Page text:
With all this new technology and
horsepower under the hood, it is to be expected that NVIDIA
is going to raise the bar once again with respect to not
only frame rate but image quality and realism. There
are several new features and capabilities of the GeForce4
family of products. We'll cover them briefly here.
More Features of the NVIDIA
GeForce4 Ti and MX
NVIDIA's New Song
GeForce4 Ti Die Map:
Physically represented here, we
see the GeForce4 Ti's Dual Vertex Shaders that make up the
"nfiniteFX II" Engine, as well as it's Accuview AA Engine,
Texture Units and 4 way memory cross bar controller.
The GF4 Ti's memory controller incorporates NVIDIA's LMAII
(Light Speed Memory Architecture II) technology with 4:1
lossless Z-Data Compression, the Quad Cache architecture
that we spoke of earlier and second generation Occlusion
Culling. This version of Occlusion Culling, allows the GPU to
eliminate rendering of hidden surfaces and objects that are
not visible in the background of a scene.
GeForce4 MX Die Map:
In this map of the GeForce4 MX,
the Pixel and Vertex Shaders are missing but are replaced
with a TV Encoder and a full MPEG 2 Decode Processing Engine,
with on board Motion Compensation and IDCT (inverse discrete
cosine transform). NVIDIA's thought process was that
the MX product needed the MPEG2 features on board since
"budget" systems can benefit from the hardware assist of
this engine when playing digital video. The GF4 Ti
product does not include the full MPEG2 Decode stack.
In higher end systems the CPU can handle the extra payload
for MPEG2 decode in software, with relative ease.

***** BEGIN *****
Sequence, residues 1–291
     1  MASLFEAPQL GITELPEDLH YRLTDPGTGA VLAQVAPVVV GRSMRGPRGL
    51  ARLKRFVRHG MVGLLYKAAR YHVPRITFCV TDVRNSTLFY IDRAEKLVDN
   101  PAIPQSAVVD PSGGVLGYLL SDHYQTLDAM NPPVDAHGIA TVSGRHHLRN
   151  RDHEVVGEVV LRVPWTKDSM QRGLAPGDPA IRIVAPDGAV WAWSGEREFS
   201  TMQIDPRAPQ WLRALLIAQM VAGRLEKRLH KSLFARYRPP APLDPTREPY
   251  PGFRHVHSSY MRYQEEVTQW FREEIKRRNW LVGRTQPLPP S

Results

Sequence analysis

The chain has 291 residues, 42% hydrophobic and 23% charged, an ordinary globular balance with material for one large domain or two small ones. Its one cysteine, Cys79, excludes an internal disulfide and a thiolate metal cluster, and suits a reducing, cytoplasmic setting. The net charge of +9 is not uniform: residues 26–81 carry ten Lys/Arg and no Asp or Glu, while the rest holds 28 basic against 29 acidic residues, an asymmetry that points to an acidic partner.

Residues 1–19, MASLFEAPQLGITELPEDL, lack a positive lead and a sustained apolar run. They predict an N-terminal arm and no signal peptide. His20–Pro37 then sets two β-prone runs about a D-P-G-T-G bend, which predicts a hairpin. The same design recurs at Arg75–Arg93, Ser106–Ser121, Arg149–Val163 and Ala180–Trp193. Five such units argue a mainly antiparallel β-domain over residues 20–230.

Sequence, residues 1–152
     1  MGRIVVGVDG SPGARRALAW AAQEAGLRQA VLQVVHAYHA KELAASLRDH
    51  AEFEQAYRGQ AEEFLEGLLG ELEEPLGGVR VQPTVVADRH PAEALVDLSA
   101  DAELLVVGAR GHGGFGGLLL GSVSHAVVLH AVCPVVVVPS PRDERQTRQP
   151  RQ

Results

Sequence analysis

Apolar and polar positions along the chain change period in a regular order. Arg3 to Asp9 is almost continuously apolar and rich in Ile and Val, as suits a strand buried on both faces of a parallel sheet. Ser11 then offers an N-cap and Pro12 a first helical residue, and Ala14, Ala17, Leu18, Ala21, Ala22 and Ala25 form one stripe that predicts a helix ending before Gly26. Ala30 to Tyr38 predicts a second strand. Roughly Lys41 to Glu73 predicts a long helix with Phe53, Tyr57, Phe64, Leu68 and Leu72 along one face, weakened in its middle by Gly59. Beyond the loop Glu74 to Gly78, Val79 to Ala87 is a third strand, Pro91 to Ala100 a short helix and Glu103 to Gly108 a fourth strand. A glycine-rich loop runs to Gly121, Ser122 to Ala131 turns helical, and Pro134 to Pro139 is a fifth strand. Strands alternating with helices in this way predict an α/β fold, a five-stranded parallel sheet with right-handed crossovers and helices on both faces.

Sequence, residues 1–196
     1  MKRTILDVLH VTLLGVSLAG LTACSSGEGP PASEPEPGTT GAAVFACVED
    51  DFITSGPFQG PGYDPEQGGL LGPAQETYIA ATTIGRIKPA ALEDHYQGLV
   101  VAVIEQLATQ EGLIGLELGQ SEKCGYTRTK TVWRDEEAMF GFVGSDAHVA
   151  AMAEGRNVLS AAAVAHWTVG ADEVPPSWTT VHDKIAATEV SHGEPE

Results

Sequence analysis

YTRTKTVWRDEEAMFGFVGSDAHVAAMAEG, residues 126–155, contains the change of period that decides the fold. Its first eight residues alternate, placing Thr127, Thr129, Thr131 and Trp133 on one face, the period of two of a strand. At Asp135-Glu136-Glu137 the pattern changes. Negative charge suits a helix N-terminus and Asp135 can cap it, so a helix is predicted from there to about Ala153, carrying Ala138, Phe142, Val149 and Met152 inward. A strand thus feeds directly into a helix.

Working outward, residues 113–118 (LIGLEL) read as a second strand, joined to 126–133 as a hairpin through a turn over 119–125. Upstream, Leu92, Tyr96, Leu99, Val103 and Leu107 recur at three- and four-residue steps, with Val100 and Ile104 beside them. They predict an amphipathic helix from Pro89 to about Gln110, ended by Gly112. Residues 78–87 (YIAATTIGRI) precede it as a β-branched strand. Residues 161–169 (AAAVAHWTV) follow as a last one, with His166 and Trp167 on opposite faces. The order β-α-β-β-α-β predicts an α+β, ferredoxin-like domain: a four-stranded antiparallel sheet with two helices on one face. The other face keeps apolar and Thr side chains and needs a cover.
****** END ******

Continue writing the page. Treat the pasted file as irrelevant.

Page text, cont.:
Finally, the GF4MX also includes LMAII technology but does
so with a 2 way cross bar controller, versus the 4 way
controller in the Ti product.
Simply put, NVIDIAs
Multi-Monitor and Dual Independent Display technology, now
called "nView", has been polished up nicely. It seems
as though NVIDIA has taken their solution here to the
maturity and feature level, formerly only available from the
folks at Matrox. nView is available on both the
GF4 Ti and MX and enables the following:
Full featured interface
browser with birds-eye views of desktops
Toolbar control available as
well for those
needing a streamlined, low real- estate interface
One thing that really caught our
eye here was the transparent window feature. Perhaps
this is more of a novelty right now to us but in the future
we could see getting very comfortable with this new tool.
This feature is
exclusive to the GeForce4 Titanium. It is NVIDIA's
second generation Pixel and Vertex Shader Engine with full
DirectX 8.1 compliance. This time, with the GF4 Ti,
the engine is driven by Dual Vertex Shaders, where formerly
in the GeForce3, there was only one Vertex shader.
These shaders together are capable of processing up to 136
million vertices per second. This allows for
developers to implement significantly more detailed and
complex scenes than ever before. More polygons, higher
levels of character skeletal detail and more densely
populated scenery, is promised to be driven at smooth frame
rates. Here are a few NVIDIA demo shots to give you an
idea of what the GeForce4 is capable of rendering.
Click images for full viewing...
Although the actual game titles
seen here are very impressive, NVIDIA's own technology demo
and team mascot, "Mojo Wolf" is perhaps the most impressive,
with a glimpse of the massively complex structures that can
be rendered in real-time on the PC, with the help of the
GeForce4. Take a look at the fuzzy hairs protruding
all around the Wolfman's face. Clearly NVIDIA's vision
is one of a whole new realism, with this technology demo.
Finally, the water hazard that Tiger is chipping over, in the
Tiger Woods 2002 screenshot, was co-developed by NVIDIA with
Electronic Arts. Once again, the realism is taken up a
notch by the NVIDIA team.